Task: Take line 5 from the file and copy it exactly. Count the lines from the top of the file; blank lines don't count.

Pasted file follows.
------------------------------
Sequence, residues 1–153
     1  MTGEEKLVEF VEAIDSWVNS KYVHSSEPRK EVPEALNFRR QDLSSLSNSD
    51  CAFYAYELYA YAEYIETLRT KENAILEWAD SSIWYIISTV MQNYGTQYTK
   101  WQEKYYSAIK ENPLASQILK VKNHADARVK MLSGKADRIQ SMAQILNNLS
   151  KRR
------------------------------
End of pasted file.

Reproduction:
   151  KRR